On Ambiguity: The Genderless Narrator
Workshop Outline 2/2019
Sex is biological. Gender is cultural. How do we reflect the difference between the two in our writing? Is it possible or are we so trained to classify each other by gender? I present the idea that unless we know how we are using gendered language unconsciously, we can’t write authentically gender non-conforming narratives.
MY OWN WORK challenges gender expectations. The first question that comes up is who is the narrator? What gender are they? Lucky, in Lucky Shot, and Joey in When No-one’s Looking, are both ungendered narrators, searching for answers as they travel across the States and beyond. Each is running from a troubled past and into new relationships as they struggle to claim a place in the world. Find a sense of belonging. Kirkus Reviews assumed that the protagonists were male: The novels don’t say either way. However, the editors, publishers and professional reviewers had a hard time accepting these perspectives as valid. Androgynous, agender, queer, all of the above, I’m simply being myself, and it comes out in my clothes, relationships, in my lifestyle and yes, in my stories. I write from this outsider perspective as do my characters–what was unconscious is now carefully considered and questioned and I play with ambiguity.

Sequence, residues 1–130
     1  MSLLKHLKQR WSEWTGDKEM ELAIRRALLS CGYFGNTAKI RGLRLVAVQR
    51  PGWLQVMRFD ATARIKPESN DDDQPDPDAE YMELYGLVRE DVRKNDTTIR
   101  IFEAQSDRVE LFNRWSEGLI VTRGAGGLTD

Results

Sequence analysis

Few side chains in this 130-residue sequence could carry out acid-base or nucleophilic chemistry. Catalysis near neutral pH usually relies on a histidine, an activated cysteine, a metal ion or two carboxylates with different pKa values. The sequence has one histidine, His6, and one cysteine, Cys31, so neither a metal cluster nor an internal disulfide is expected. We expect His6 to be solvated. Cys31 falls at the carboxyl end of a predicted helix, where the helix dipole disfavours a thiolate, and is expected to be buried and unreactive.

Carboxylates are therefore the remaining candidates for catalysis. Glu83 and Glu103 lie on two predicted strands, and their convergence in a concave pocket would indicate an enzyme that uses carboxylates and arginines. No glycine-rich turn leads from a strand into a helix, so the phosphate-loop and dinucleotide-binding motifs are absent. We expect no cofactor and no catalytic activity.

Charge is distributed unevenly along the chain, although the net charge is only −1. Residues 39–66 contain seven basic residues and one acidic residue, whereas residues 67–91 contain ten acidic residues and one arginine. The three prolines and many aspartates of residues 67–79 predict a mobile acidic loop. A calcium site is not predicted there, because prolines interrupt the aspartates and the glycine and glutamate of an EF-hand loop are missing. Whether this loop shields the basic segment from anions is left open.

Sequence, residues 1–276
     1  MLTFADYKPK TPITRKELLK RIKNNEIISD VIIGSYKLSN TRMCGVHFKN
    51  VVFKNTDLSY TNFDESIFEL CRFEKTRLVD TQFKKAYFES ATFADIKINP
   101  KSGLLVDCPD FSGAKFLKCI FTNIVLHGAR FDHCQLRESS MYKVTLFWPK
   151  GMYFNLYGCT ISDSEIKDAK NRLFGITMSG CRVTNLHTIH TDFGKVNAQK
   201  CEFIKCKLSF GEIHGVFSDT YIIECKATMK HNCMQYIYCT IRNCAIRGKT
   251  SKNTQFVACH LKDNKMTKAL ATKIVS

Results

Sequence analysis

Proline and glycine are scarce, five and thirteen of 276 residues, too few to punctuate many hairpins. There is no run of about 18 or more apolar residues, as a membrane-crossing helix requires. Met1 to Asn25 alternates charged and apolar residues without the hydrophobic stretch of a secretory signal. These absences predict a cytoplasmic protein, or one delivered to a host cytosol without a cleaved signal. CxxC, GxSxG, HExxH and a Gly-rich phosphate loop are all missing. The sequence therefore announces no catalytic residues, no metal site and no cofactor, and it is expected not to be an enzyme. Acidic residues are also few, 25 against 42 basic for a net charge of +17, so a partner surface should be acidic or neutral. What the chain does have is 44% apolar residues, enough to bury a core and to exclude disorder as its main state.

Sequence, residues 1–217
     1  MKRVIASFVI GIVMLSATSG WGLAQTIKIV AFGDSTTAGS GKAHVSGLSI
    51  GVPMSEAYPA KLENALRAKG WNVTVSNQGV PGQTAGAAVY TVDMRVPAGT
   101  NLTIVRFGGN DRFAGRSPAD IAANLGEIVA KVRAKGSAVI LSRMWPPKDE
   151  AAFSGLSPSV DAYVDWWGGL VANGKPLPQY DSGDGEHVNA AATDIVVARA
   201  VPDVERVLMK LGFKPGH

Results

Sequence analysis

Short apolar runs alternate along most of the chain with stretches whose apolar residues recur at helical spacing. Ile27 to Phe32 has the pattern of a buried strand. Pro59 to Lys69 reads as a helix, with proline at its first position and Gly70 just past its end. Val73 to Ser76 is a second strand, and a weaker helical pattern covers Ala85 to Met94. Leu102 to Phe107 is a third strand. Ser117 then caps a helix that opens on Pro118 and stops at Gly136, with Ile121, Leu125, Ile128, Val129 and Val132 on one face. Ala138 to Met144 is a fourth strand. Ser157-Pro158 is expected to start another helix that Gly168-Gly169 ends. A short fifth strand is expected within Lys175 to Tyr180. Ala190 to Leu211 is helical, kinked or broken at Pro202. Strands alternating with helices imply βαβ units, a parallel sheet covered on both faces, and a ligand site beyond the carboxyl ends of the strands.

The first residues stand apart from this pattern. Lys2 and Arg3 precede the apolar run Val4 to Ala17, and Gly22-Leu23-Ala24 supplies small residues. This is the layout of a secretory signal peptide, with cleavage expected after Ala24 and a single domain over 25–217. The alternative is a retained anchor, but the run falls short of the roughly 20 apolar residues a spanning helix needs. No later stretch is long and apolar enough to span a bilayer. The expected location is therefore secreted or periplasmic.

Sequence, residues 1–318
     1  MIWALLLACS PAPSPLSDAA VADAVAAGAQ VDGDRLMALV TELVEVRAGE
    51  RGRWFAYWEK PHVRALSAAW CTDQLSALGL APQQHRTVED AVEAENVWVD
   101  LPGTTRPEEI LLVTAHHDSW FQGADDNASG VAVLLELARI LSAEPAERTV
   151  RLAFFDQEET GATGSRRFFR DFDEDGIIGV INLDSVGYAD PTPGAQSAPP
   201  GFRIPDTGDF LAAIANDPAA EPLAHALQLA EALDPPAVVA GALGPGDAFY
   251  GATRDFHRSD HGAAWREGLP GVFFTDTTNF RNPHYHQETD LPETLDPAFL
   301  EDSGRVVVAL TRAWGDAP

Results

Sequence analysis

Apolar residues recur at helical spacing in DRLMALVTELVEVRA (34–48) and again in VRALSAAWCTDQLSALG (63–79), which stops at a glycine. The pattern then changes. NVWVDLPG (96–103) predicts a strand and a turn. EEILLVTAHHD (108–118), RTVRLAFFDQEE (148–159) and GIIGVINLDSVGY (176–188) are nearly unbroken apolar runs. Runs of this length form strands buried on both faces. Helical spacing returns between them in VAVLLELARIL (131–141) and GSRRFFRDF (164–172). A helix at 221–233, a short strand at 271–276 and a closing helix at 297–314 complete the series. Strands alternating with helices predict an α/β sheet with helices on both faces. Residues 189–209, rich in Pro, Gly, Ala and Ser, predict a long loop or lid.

Why do we classify by gender roles? In life and literature?
What do we need as readers to connect with the humanity of the protagonist?
What are our own hidden biases?
Is an ungendered narrative more inclusive?
Does it take the reader out of the story or engage them more?
Who has done it successfully? How?
How do we write a gender neutral story?
An Overview of the craft techniques include:
- Terms: an overview.
- Forms and genres: novels/ shorts/ poetry/ memoirs: examples.
- POV: 1st, 2nd, and 3rd.
- Possessives/ pronouns: use/ absence.
- Names: as clues and expectations.
- Think of the reactions of other characters: natural acceptance of friends or discomfort of strangers?
- Authors name, sex, and gender: default filters of our reading their work.
- Assumptions/ biases re. skills, clothes, emotions as found within the spectrum of masculine and feminine.
- Language of the body: describing physicality without gender labels/ expectations.
The presentation is built from a MFA critical thesis as well as examples from recently published poetry, short stories, and essays within the West. There will be short writing exercises to put into practice a few concepts.